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Sunday, 27 September 2015

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Even animals find time to laugh

Take time to laugh and have fun

Dr. Raymond A. Moody's book 'Laugh after laugh: the healing power of humour' is an interesting read. He is a well-known philosopher, psychologist, physician and author in the USA. Dr. Moody credits his sense of humour for getting him through the terrible grind of medical school. Yet not once, in all those years of training, did his professors bring up the health benefits of laughter.

"As time went on," Moody relates in his book, "1 came to feel that a human being's ability to laugh is just as valid an indicator of his health as are all those other things that doctors check."

Gradually, many members of the medical establishment are coming around to the same thinking. Dr. William Fry, Jr., a Stanford University researcher, has studied the beneficial effects of laughter for more than 30 years. "When we laugh," Fry explains, "muscles are activated. When we stop laughing, these muscles relax. Since muscle tension magnifies pain, many people with arthritis, rheumatism and other painful conditions benefit greatly from a healthy dose of laughter."

Laughter is your birthright, a natural part of life that is innate and inborn. Infants begin smiling during the first weeks of life and laugh out loud within months of being born. Even if you did not grow up in a household where laughter was a common sound, you can learn to laugh at any stage of life.

You can begin by setting aside special times to seek out humor and laughter and build from there. Eventually, you'll want to incorporate humor and laughter into the fabric of your life, finding it naturally in everything you do.

Here are some ways to start:

Count your blessings. The simple act of considering the good things in your life will distance you from negative thoughts that are a barrier to humour and laughter. When you're in a state of sadness, you have further to travel to get to humour and laughter.

When you hear laughter, move toward it. Sometimes humour and laughter are private, a shared joke among a small group, but usually not. More often, people are very happy to share something funny because it gives them an opportunity to laugh again and feed off the humour you find in it. When you hear laughter, seek it out and ask, "What's funny?"

Spend time with fun, playful people. These are people who laugh easily-both at themselves and at life's absurdities-and who routinely find the humor in everyday events. Their playful point of view and laughter are contagious.

Bring humor into conversations. Ask people, "What's the funniest thing that happened to you today? This week? In your life?

How do you develop your sense of humour?

The easiest answer, according to Dr. moody, is to take yourself less seriously. The most essential characteristic that helps us laugh is not taking ourselves too seriously. We've all known the classic tight-jawed gloomy Gus who takes everything with deathly seriousness and never laughs at anything. No fun there!


Laughter is your birthright, a natural part of life

Maybe, some events are clearly sad and not occasions for laughter. But most events in life don't carry an overwhelming sense of either sadness or delight. They fall into the gray zone of ordinary life-giving you the choice to laugh or not.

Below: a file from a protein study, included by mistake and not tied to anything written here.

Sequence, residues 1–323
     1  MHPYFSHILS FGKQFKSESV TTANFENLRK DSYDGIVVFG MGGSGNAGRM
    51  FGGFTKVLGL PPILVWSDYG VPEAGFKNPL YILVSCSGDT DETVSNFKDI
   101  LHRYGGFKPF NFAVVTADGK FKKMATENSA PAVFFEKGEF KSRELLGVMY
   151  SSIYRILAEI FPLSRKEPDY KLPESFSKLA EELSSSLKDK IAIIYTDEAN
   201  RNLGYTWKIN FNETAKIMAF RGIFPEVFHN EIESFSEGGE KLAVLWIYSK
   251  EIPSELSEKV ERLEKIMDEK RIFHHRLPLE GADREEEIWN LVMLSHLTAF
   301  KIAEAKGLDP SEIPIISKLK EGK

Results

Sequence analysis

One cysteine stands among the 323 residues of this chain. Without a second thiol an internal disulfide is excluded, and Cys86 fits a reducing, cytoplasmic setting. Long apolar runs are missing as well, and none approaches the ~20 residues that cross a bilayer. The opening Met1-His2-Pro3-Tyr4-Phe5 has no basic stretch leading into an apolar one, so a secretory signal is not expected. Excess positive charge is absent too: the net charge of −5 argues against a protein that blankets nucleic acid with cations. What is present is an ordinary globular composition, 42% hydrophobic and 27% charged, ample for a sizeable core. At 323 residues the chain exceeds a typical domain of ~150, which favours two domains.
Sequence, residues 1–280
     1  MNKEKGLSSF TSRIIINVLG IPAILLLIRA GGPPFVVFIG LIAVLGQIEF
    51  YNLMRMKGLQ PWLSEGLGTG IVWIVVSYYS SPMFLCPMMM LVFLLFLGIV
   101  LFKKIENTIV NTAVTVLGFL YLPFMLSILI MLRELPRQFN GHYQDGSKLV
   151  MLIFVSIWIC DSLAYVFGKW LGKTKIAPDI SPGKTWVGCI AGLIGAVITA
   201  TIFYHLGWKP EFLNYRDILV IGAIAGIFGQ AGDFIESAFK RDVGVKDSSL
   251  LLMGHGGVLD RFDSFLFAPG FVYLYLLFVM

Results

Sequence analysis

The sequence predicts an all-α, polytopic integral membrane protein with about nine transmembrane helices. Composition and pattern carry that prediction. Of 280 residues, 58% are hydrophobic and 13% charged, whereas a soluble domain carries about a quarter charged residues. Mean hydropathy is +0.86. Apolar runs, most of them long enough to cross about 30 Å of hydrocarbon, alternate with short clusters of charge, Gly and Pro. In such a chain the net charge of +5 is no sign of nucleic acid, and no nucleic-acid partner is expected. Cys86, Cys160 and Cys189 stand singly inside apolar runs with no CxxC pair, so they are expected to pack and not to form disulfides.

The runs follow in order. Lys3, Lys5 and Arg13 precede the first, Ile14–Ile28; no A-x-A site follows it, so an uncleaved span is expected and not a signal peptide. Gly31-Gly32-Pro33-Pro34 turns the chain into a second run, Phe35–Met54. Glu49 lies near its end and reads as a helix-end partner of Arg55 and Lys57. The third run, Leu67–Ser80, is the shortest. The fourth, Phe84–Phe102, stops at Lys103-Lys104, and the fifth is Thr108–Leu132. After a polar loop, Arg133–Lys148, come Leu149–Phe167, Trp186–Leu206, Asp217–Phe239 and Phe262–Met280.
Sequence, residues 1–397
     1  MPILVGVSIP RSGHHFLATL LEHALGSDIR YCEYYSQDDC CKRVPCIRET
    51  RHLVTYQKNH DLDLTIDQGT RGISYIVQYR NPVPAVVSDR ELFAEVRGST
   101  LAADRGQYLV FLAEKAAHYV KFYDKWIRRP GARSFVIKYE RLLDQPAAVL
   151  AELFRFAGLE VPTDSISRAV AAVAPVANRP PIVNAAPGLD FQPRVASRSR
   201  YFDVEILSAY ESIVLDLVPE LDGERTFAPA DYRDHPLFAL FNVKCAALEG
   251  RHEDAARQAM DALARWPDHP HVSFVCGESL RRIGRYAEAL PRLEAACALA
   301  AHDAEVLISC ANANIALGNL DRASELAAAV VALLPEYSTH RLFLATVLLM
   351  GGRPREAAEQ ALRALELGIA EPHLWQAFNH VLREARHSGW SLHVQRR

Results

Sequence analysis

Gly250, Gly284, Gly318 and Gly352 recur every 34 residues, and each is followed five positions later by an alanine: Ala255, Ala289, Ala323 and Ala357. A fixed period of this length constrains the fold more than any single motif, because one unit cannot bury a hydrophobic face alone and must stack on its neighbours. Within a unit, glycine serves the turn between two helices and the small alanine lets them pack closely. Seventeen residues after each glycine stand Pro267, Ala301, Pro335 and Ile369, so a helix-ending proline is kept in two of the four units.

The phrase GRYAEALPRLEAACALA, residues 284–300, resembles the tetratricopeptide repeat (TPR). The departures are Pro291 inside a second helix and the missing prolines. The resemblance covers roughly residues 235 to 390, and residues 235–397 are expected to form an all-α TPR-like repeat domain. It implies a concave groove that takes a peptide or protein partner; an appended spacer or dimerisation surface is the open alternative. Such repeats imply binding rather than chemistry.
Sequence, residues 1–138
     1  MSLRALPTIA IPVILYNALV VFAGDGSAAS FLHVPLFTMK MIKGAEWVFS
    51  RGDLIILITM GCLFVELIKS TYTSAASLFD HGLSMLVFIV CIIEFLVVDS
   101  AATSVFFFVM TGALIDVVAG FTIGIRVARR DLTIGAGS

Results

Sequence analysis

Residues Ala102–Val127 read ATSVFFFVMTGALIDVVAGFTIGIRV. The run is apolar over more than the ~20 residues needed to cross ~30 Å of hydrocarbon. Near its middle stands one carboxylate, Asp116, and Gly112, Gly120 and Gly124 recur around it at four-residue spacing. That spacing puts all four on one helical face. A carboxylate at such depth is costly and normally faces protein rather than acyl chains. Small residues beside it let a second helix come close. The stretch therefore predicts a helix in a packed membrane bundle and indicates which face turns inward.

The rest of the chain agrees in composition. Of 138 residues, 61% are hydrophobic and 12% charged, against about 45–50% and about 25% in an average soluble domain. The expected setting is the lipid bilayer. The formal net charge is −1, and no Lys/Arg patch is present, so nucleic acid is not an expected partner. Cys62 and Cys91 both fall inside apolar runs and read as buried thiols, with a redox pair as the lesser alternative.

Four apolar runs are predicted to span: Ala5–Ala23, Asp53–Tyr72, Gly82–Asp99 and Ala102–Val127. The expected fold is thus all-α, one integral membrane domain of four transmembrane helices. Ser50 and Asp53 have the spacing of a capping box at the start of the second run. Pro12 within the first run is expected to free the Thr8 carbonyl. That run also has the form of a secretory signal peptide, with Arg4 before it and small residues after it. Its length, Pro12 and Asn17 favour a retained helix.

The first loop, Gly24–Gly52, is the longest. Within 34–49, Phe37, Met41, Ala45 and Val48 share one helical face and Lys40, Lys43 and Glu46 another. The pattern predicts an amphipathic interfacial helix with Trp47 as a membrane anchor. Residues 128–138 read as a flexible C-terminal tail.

Laugh at yourself. Share your embarrassing moments. The best way to take yourself less seriously is to talk about times when you took yourself too seriously. Attempt to laugh at situations rather than bemoan them. Look for the humour in a bad situation, and uncover the irony and absurdity of life. This will help improve your mood and the mood of those around you.

Keep things in right perspective. Many things in life are beyond our control-particularly the behaviour of other people. While we might think taking the weight of the world on our shoulders is admirable, in the long run it's unrealistic, unproductive, unhealthy, and even egotistical.

You have to make time for laughter. I know of a successful salesman, who uses humour with his customers-and this means setting aside moments for collecting and practicing funny stories. "This has been a key to building some warm and lasting business relationships," he says, citing a favorite line from comedian Victor Borge: "Laughter is the shortest distance between two people."

I also know of Business consultant who found herself so squeezed for time that she felt she might be losing her sense of fun and humour-especially where her husband and children were concerned. "I decided to see to it that my children received a daily dose of humour," she says.

She started off by putting funny notes and cartoons in her kids' school lunches, on mirrors and on the refrigerator door. The rest of her family picked up on all this. "One morning when I woke up grouchy, my son came into the kitchen wearing a big clown nose," she recalls. "I couldn't help laughing. This changed my whole outlook.'

Laugh when you need it most. One of my friends, a script writer for a local politico, tells of being taken suddenly ill in an airport. He was rushed into an ambulance, and the paramedics strapped him down, head toward the front of the ambulances a big orange oxygen tank jammed between his legs. "Are you all right?" the attendant asked. "Yes," my friend replied, "unless you make a sudden stop." Seeing the humor in his own helpless plight, he says, "made the whole experience easier for me and for everyone else in the ambulance.

Laughter is a skill we can all acquire-because it comes naturally. But it's also something that has to be nurtured. Perhaps no one recognized this more than Charlie Chaplin, who summed it up best: " Joy in one's heart and some laughter on one's lips is a sign that the person down deep has a pretty good grasp of life."

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